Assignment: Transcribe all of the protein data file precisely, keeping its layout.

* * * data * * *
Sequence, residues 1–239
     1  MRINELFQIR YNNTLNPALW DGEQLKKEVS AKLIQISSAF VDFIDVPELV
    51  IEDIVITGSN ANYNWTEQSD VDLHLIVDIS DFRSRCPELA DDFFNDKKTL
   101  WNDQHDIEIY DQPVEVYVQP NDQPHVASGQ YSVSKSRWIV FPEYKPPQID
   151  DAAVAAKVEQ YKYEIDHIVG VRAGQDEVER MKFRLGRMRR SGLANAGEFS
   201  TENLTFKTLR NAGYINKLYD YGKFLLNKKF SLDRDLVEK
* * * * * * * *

Sequence, residues 1–239
     1  MRINELFQIR YNNTLNPALW DGEQLKKEVS AKLIQISSAF VDFIDVPELV
    51  IEDIVITGSN ANYNWTEQSD VDLHLIVDIS DFRSRCPELA DDFFNDKKTL
   101  WNDQHDIEIY DQPVEVYVQP NDQPHVASGQ YSVSKSRWIV FPEYKPPQID
   151  DAAVAAKVEQ YKYEIDHIVG VRAGQDEVER MKFRLGRMRR SGLANAGEFS
   201  TENLTFKTLR NAGYINKLYD YGKFLLNKKF SLDRDLVEK